Abstract

To assess the possibility of restoring the original plant community of grey dune from a pine plantation, a synchronic study of the seed banks of three habitats, the grey dune, the pine plantation, and a clearing, was conducted at Quiberon (France). Five stations were selected: a Grey dune, Pine plantation 1, Pine plantation 2, Clearing 1, and Clearing 2. In contrast to the pine plantations, clearing 1, subject to heavy human disturbance, had a great similarity between its seed banks and its established vegetation. The larger clearing (C2) tend to resemble the grey dune, whereas the other was dominated by ruderal species.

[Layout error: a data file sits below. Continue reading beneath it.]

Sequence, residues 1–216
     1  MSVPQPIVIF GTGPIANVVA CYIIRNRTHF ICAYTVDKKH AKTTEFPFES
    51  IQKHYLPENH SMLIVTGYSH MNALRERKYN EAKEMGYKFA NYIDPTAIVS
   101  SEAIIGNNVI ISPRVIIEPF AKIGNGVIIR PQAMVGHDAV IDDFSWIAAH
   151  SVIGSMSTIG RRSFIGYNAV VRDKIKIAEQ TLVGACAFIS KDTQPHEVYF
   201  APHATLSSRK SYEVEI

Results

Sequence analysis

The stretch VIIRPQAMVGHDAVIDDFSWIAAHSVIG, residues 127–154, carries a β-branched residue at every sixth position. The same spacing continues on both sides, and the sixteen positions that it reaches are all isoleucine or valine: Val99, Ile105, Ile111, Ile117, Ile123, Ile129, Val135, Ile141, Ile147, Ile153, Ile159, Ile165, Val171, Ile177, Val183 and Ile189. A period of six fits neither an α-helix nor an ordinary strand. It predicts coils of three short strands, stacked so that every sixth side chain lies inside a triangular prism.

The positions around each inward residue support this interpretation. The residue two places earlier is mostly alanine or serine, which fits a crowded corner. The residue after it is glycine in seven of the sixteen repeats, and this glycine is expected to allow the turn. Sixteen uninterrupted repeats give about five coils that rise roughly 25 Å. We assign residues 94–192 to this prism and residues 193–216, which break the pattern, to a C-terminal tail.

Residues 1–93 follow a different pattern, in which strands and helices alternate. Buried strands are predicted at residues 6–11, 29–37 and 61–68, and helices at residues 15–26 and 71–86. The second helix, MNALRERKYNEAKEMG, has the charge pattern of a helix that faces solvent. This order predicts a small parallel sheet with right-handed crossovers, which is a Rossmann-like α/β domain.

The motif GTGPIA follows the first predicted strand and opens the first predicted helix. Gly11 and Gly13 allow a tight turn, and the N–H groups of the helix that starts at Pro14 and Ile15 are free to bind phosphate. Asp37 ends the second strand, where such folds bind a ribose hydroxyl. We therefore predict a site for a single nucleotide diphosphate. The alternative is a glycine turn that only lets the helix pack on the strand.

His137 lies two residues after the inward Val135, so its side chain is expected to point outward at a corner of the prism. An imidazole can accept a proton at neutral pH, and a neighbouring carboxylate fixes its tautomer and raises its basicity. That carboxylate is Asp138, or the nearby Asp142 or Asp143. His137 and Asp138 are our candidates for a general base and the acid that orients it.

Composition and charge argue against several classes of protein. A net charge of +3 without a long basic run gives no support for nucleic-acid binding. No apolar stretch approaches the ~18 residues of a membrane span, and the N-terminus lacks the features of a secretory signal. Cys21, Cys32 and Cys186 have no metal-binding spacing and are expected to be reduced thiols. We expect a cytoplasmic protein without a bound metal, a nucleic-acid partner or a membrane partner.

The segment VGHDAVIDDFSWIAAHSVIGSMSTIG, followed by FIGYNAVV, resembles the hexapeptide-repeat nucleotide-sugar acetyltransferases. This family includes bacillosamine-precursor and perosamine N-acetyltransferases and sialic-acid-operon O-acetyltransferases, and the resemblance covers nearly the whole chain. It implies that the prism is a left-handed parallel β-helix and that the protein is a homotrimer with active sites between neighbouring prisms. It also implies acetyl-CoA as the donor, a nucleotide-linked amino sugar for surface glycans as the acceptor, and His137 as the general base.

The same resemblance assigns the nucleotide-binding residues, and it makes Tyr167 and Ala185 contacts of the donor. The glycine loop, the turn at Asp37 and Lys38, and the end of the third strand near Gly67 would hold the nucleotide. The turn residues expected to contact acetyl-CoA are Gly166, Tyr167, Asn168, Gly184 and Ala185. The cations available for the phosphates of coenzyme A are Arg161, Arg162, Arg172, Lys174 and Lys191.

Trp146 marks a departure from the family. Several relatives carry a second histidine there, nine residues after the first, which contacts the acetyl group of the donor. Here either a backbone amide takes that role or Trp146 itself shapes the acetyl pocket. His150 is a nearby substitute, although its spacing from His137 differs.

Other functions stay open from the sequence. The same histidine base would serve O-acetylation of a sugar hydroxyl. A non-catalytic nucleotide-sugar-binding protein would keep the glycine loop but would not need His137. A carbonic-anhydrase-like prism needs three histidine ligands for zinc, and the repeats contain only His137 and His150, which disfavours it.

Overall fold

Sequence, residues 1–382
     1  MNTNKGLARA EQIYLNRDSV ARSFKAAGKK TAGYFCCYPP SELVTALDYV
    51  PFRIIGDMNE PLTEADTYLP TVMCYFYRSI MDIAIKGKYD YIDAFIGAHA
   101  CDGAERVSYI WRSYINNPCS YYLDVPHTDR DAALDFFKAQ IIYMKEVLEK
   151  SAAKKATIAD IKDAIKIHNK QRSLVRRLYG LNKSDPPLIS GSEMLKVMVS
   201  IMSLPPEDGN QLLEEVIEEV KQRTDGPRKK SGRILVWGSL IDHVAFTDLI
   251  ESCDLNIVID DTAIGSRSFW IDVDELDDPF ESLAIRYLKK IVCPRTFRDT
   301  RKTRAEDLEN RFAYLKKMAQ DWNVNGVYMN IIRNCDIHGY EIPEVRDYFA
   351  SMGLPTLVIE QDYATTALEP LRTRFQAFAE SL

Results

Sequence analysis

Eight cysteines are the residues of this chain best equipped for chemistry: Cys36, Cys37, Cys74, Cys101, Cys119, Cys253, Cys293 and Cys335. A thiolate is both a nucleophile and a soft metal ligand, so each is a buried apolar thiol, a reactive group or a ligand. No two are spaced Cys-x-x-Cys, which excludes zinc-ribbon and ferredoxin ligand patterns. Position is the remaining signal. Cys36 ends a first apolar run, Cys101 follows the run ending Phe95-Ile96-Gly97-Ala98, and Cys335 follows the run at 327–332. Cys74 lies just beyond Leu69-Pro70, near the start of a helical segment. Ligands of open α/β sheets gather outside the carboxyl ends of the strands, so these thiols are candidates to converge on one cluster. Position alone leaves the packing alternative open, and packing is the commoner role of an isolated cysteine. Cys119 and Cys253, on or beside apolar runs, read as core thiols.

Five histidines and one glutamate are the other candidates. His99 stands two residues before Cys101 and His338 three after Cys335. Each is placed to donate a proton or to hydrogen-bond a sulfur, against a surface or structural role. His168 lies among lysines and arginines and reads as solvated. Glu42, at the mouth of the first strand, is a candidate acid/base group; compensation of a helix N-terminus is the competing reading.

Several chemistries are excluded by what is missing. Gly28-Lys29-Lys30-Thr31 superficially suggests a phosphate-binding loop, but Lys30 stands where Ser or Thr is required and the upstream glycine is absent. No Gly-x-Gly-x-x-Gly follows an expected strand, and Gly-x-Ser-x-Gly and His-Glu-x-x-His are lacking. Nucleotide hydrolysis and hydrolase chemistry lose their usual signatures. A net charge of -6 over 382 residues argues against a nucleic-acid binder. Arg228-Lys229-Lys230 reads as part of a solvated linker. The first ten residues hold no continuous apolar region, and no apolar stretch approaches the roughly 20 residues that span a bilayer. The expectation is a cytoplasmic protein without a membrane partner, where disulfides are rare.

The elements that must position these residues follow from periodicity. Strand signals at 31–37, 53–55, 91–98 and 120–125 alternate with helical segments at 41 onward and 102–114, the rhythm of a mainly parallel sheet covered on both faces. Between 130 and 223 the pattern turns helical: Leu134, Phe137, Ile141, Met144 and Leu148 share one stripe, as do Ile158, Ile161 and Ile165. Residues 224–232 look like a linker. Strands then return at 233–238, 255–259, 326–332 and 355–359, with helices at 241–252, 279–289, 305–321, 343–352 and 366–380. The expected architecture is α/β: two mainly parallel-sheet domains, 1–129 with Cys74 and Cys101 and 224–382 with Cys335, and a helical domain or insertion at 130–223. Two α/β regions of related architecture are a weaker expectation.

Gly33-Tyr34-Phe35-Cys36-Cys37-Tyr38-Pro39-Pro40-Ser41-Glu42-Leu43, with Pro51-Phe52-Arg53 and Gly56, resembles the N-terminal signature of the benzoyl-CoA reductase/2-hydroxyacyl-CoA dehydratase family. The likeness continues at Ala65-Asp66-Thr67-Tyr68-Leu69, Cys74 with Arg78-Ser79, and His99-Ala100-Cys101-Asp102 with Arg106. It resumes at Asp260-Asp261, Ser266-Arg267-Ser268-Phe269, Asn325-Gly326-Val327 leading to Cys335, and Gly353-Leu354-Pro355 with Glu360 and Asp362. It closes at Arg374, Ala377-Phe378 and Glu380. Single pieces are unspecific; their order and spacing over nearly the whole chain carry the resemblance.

The analysis of the seed banks demonstrated differences between the clearings and the pine plantations from which they were derived. The potential vegetation of the clearings was closer to that of the grey dune and had a larger number of species with a short life cycle than the pine plantations.

The seed banks of the pine plantations were not similar to that of the grey dune, but also differed from that of closed vegetation. This study suggested that it may not be possible to obtain a short term restoration of a grey dune after just clear felling only with the help of seed banks. On the other hand, seed dissemination could facilitate a restoration in a larger time scale as for clearings.

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